October 26, 2018 — If Weston is Connecticut’s best-kept secret, the town’s Senior Center may be Weston’s best-kept secret.
That may be changing, in large part because of art.
The Center operates in what used to be classroom space at Hurlbutt Elementary School’s South House. If you’re not looking for it, it’s easy to miss. But inside, there is a generous amount of space and a fresh, comfortable, friendly environment.
And there’s a lot going on. Weston seniors who don’t take advantage of the Center’s many attractions — or don’t even know about them — are missing out on movies, games, crafts, presentations, health and wellness programs, discussions on topics ranging from tax preparation to Medicare services, and a full set of fitness programs.
When it comes to exercise, the Center offers just about everything, including Tai Chi, yoga, tap dancing, Pilates, strength and fitness, ping pong, and pickleball. (Pickleball is an increasingly popular game, sort of a combination of badminton, tennis, and table tennis. Great fun.)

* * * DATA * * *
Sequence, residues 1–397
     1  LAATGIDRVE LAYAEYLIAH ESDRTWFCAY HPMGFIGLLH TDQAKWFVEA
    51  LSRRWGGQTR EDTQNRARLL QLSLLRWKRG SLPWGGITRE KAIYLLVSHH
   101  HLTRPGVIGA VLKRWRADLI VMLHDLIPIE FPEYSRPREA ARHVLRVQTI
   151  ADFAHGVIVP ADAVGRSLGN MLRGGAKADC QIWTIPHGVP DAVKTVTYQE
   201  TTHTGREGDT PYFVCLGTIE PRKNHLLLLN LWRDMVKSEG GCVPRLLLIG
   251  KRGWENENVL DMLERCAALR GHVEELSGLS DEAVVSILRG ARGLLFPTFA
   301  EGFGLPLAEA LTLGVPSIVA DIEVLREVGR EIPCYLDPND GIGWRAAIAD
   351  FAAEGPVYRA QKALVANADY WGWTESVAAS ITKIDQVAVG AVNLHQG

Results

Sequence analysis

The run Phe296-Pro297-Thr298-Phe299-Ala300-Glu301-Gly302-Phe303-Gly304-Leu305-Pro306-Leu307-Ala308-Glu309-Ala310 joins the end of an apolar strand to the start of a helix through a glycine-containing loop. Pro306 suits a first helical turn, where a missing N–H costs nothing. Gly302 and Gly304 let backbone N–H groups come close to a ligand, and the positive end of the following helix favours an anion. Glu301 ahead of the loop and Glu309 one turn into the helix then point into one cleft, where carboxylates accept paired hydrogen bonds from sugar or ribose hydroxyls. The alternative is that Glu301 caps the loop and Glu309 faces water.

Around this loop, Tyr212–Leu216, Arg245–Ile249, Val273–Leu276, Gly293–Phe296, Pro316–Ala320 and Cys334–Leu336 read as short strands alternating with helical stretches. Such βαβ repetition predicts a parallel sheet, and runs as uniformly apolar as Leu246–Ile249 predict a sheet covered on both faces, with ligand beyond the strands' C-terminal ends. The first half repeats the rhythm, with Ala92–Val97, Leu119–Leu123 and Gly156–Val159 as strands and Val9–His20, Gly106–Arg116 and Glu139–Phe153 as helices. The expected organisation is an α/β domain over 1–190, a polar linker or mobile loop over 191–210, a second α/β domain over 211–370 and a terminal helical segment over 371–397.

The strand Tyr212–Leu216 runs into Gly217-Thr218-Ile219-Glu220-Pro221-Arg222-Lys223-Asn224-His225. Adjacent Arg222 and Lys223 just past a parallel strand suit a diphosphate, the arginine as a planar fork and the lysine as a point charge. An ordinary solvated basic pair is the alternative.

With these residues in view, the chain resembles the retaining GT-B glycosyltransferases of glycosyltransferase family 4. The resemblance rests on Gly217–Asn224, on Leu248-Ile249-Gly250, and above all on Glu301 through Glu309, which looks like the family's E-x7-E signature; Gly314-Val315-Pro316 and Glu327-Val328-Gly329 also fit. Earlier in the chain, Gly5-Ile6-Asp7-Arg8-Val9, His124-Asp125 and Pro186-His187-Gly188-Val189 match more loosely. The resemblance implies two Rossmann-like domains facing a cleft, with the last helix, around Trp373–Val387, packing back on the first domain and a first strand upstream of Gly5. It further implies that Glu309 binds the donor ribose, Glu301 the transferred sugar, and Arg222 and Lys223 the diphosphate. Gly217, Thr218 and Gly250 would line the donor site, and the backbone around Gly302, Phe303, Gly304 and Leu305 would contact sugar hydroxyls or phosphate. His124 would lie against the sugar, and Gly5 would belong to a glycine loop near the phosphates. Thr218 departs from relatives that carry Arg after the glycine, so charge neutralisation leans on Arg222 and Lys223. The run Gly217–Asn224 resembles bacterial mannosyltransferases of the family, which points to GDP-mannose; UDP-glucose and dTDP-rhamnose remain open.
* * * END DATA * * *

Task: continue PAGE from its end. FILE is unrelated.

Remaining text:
And then there is art, which brings us back to where we started.
The good news is that the Center offers a growing number of drawing and painting classes. The bad news is that the classes are usually full. The better news is that the Center plans to offer more, and seems willing, able, and ready to meet increased demand.
Classes are taught by skilled instructors. We visited a watercolor session taught by Wendy Pieper. The pictures in this article are from that class.
It’s interesting that art at the Senior Center is drawing attention from elsewhere. Wendy Petty, the Center’s director, told us that an open Art Expo in July drew a large number of participants from other towns.
“It was great,” said Ms. Petty. “People from out of town always say Weston is too far away. Then they come to something like the Expo, and you hear them say, ‘wow, people are nice in Weston!’”
Most of the Center’s activities are only open to Weston residents. The Center is supported by Friends of the Weston Senior Activities Center, which raises funds and provides program volunteers. The Friends and the town’s Commission on Aging hope that a time comes when the Center has its own building. That may become necessary before too long.
In 2014, the Center’s current location at Hurlbutt is the result of a five-year agreement between the Town and the Weston School District. Today, that arrangement is somewhat in limbo, as the Board of Education is beginning a comprehensive study of school facility needs, with future use of Hurlbutt yet to be decided.